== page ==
For a number of less than adequate people the point of protest (including violence in some cases) is protest itself. The actual change demanded is only marginally relevant because if it were achieved the same people would move on to the next thing.

    A few decades ago the plan to increase the number of nuclear warheads would have dominated the protest industry. The threat from nuclear weapons is absolutely identical to the threat when CND etc commanded millions on the streets. The effects of them being used is unchanged. Hardly a squeak by comparison. Our single issue friends have moved on.
  • Black_RookBlack_Rook Posts: 7,798
    Good afternoon everyone.

    Did I read that Labour abstained on the Sturgeon vote? SLAB obviously taking its lead from Starmer.
    A bloody relief if true. There's no point in opening travel corridors until the destination countries are in a similar position w.r.t. vaccination and viral suppression as we are, and it looks like that may take a goodly while in most cases.
  • kle4kle4 Posts: 64,142
    Endillion said:

    All very sensible stuff. It just strikes me how much easier it is to recall unsuccessful protests than successful ones. Are there some good recent examples of how following these principles can "change a government’s intended actions or leads it to do something it might not otherwise have done"?

    I can think of, off the top of my head, Joanna Lumley and justice for Ghurkas, and (arguably) the fuel tax protests. Maybe a select few of the strike actions, like the firefighters' one.

    Foxhunting, the Iraq War, anti-Brexit - I would say all of those had huge support and followed all those rules, more-or-less. All failed totally.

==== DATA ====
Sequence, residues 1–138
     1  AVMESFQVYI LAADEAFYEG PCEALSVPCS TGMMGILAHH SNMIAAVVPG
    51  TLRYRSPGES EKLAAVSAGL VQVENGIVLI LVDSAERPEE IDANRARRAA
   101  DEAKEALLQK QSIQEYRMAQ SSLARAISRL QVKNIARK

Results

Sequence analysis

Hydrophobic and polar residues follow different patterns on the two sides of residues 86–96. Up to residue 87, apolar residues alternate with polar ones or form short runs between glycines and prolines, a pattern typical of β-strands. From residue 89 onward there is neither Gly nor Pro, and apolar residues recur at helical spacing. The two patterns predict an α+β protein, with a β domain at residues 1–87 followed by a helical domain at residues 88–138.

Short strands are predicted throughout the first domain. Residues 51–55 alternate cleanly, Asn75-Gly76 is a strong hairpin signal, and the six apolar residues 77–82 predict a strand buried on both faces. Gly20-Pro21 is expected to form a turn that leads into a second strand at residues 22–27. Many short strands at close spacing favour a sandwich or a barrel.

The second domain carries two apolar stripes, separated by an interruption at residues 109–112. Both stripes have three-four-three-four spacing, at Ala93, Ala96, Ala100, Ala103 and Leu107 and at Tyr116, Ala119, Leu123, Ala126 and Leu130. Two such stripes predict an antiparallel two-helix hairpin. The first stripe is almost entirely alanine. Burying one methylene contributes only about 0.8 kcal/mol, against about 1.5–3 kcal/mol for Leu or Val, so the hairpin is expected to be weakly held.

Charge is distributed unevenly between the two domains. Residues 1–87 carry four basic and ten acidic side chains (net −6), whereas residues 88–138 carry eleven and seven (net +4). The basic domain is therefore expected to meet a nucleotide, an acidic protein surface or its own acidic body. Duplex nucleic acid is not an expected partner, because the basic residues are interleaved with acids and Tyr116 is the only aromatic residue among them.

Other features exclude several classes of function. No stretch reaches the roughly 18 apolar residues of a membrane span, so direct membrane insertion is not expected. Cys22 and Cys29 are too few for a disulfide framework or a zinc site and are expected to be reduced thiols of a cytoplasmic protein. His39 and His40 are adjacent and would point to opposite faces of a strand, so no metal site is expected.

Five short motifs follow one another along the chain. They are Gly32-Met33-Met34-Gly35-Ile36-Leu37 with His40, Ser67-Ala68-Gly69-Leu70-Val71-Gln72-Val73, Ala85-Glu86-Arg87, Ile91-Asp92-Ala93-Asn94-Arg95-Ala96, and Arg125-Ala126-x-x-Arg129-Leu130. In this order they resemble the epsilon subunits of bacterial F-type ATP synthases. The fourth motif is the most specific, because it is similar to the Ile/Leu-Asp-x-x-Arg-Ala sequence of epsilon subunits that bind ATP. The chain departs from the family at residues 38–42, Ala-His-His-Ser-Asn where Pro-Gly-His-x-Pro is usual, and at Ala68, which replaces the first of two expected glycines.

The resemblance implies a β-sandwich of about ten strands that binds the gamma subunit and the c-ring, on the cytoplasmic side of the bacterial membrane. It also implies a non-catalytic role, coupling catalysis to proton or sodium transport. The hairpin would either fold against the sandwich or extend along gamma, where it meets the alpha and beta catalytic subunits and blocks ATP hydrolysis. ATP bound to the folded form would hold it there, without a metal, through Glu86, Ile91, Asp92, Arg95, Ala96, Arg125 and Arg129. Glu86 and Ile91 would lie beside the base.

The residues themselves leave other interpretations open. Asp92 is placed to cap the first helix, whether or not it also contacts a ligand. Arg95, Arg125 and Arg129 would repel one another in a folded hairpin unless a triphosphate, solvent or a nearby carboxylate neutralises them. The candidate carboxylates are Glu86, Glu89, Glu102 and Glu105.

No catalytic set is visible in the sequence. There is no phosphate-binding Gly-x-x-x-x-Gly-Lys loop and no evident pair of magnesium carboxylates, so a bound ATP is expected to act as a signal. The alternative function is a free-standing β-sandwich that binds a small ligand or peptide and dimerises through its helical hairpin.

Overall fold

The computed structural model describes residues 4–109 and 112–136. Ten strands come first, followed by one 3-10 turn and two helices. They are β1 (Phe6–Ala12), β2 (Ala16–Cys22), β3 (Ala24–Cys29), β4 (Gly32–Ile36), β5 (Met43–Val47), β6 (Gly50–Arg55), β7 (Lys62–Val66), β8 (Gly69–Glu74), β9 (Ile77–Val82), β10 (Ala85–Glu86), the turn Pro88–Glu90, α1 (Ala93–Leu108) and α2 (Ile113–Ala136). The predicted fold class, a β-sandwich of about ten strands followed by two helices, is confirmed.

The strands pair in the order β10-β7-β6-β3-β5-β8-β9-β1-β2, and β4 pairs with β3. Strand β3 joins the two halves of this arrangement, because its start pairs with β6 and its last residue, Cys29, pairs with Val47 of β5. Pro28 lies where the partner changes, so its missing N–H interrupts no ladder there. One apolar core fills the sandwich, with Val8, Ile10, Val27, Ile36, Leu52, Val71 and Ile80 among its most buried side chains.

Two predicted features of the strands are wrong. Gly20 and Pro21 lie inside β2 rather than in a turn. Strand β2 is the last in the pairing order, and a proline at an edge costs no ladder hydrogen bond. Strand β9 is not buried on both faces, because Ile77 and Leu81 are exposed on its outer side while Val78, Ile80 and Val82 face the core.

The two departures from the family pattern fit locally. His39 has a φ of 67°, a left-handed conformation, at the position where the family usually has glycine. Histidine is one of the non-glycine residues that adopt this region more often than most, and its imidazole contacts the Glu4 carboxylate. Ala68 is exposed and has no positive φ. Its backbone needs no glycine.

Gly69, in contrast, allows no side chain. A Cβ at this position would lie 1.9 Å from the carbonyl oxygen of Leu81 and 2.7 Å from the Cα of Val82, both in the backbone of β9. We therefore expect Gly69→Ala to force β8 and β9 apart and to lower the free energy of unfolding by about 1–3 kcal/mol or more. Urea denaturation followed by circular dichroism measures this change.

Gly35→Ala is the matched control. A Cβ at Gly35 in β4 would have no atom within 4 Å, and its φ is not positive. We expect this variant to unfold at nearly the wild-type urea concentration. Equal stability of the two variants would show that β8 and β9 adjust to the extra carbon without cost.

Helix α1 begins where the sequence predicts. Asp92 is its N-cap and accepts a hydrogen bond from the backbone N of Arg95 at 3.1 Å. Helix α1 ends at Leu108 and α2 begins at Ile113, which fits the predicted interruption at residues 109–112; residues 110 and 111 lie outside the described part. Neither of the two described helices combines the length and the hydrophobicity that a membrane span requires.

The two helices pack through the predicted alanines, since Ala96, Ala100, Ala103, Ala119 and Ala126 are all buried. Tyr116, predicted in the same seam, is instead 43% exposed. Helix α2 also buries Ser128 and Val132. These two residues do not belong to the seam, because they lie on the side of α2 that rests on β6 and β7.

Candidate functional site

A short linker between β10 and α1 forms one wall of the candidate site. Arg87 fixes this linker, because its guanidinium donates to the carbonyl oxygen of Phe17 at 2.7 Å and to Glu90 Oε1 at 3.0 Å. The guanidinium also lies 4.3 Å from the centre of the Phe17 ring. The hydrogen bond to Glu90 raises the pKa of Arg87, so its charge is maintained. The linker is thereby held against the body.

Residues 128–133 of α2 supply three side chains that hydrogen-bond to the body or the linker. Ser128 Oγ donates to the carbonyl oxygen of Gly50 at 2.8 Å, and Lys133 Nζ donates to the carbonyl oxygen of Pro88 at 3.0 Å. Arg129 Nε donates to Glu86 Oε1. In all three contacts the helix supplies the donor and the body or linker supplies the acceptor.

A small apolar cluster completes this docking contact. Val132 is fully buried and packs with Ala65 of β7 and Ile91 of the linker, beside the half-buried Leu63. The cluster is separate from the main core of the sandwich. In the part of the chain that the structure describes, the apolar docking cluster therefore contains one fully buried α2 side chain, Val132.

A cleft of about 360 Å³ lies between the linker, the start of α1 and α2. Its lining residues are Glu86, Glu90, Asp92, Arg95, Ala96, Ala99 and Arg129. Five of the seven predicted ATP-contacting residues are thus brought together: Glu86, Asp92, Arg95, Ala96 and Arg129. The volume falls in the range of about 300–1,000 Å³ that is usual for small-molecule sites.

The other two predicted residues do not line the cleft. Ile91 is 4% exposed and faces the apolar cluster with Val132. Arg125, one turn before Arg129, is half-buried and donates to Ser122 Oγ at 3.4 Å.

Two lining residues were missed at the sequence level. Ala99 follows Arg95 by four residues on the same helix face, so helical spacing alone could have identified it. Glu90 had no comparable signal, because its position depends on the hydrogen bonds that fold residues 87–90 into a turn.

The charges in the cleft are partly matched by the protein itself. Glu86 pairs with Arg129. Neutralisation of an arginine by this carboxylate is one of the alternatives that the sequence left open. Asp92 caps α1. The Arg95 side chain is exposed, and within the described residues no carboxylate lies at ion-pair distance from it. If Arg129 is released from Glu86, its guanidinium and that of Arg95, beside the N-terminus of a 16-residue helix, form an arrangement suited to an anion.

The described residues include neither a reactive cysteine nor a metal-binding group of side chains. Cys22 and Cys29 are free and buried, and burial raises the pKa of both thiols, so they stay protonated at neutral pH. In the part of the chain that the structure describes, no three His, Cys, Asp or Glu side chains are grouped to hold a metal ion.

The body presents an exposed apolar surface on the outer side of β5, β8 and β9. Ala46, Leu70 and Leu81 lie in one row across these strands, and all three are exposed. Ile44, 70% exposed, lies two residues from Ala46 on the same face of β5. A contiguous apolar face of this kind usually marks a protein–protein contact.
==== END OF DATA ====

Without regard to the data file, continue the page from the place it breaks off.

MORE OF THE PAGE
Thing is, merely having large amounts of support isn't enough. The issue itself matters. Things like war and Brexit are either dependent on things quite distinct from public opinion or have masses of support of their own. Protesting them is not meaningless, but they just weren't simple enough to change just because many people disliked them.
  • TazTaz Posts: 52
    kle4 said:

    Leon said:
    Unless they have proof to back up their suspicions, leaking such rumours is dangerous and incredibly twattish behaviour.
    But not out of character.
  • kle4kle4 Posts: 64,142
    Floater said:

    https://twitter.com/MacaesBruno/status/1374390257483796491

    Insanity appears to be descending on the mainland

    And they've got lots of vaccines coming anyway! It's been slower than everyone wanted, but won't be an issue for too much longer.
  • contrariancontrarian Posts: 4,537

    Stocky said:

    Excellent article:

    "This is perhaps the most uncomfortable aspect of the new legislation: that the government isn’t just trying to control who comes into the country, but extending its control over who goes out. If other countries are accepting of visitors, for any variety of reasons, it seems a much deeper infringement on personal liberty that the UK government would stop people from leaving."
    And if the people we allow out return with variants that delay our unlocking, you'll be OK with that?
    Can you honestly envisage a time when viruses won't mutate? ever? Why would they break the habit of billions of years?

    This isn't a viable policy without an eternal ban on coming in and going out of Britain. Its just the logical conclusion of an utterly failed and catastrophic policy.
  • TazTaz Posts: 52
    Andy_JS said:

    Does anyone know what this is all about?

    https://twitter.com/DaveKeating/status/1374400918548934667

    What the EU seems to believe is a commitment, in the case of the AZ contract, isn’t anything more than a statement of intent given it’s a best endeavours contract.
  • algarkirkalgarkirk Posts: 2,935
    Chameleon said:

    Andy_JS said:

    Does anyone know what this is all about?